Is there any particular end game for the movement? What kind of response from Konami would you personally like to see?
Ideally, we want more main Suikoden instalments i.e. Suikoden VI! But we realise the mammoth complexity of this task. We want to revive the Suikoden series. This means ensuring that Suikoden is as available as possible to the current and future generations of gamers. This can be achieved by the re-release of the current games on digital distribution worldwide i.e. PSN, XBLA, Steam, Android and iOS. We hope Konami and the fans can work together to promote such re-releases properly too. Not only is all this the most realistic option to pave the way for an eventual Suikoden VI, but it also gives the Genso Suikoden series the spotlight and respect that it truly deserves. I would be happy with that. But I will always keep pushing for that Suikoden VI.
Suikoden fans of course originate from all over the world. However your Facebook page contains translations in Indonesian. Just how large a part of the community do they represent?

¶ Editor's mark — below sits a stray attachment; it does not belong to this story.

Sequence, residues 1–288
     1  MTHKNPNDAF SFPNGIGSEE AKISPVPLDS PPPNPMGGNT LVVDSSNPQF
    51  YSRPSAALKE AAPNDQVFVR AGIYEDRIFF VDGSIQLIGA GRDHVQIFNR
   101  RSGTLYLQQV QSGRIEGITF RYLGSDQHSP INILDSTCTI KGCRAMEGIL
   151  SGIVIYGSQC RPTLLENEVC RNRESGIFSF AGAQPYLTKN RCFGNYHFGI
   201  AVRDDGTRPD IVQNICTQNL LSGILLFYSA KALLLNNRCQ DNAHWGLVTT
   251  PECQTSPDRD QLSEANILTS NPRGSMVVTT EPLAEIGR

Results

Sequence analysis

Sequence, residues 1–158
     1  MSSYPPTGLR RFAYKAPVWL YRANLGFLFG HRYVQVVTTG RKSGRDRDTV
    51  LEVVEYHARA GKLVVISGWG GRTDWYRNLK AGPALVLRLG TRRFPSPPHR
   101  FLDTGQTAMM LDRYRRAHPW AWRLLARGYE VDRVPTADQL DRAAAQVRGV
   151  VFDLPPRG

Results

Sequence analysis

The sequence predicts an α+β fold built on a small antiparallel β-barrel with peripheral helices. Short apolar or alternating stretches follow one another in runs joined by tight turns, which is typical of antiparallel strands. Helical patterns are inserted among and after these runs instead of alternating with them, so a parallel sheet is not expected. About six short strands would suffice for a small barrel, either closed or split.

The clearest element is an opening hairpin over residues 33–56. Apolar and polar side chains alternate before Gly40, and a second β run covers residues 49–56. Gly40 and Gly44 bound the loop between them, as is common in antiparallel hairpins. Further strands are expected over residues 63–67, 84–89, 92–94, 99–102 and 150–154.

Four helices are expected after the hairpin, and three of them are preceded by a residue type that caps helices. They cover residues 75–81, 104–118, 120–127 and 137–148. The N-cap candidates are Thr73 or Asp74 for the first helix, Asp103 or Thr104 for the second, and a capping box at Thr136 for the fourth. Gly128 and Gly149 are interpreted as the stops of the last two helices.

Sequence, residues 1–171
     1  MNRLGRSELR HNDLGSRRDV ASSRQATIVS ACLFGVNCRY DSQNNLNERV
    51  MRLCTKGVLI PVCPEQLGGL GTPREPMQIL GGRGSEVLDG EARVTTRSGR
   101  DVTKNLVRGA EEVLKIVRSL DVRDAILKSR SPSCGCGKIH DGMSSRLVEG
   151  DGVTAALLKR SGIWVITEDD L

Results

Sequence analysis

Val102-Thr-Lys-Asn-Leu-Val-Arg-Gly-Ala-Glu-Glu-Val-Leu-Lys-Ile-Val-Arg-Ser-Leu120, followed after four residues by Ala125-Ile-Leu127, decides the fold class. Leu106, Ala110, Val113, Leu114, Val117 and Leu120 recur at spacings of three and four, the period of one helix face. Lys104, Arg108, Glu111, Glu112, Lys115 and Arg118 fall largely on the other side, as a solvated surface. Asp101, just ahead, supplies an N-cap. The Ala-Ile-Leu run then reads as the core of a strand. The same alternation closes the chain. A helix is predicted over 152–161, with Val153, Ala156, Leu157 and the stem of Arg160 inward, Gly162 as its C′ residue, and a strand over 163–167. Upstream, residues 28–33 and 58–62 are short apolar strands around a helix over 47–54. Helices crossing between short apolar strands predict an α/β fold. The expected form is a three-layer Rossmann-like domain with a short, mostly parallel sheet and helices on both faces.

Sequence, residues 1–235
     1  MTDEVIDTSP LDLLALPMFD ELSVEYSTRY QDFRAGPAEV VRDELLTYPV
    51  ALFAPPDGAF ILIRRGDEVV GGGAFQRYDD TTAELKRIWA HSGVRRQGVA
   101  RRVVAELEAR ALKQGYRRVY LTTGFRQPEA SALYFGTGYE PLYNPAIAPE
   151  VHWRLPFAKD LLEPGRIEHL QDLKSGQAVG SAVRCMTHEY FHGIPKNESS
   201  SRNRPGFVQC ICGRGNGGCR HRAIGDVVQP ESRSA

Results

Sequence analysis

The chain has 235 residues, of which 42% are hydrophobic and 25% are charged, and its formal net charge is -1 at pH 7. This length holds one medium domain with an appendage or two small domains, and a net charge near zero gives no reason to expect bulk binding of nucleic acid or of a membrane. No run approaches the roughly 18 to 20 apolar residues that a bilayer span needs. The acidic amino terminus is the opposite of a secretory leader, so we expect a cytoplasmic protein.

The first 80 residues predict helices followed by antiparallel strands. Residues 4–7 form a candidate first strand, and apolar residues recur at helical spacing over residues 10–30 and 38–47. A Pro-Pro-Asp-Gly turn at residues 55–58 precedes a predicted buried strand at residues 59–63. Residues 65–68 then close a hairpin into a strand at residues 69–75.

I do not know exact figures of just how many Suikoden fans there are in Indonesia, but I can confirm that they represent almost 5,000 of our current 18,000 likes. I have been told that the Suikoden series is still the 2nd most popular RPG series, behind only Final Fantasy, in Indonesia to this day. Dedication!
Suikoden fans will of course understand the reference behind the naming of the movement but for those unenlightened are you able to shed light on this?
Blinking Mirror is a reference to an item you acquire in each game of the Suikoden series. It allows you to teleport back to your HQ no matter where you are on the World Map. As Konami true HQ is situated in Japan, we thought it would be fitting to name this campaign ‘Operation Blinking Mirror’; a campaign that allows our followers worldwide to make their voice heard at the Konami HQ!
Previous endeavours from Suikoden fans have seen the yearly Suikoden Day campaigns on the release dates of each instalment in the franchise. Was there any particular reason behind the dates chosen for Operation Blinking Mirror?
SUIKODEN DAY 2013 was held on July 11th. Operation Blinking Mirror was announced straight after this. We wanted to give everyone the opportunity of the best part of 6 months to prepare for OBM. It also gives Konami Japan another 6 months to reply to us before we start campaigning heavily again later in 2014.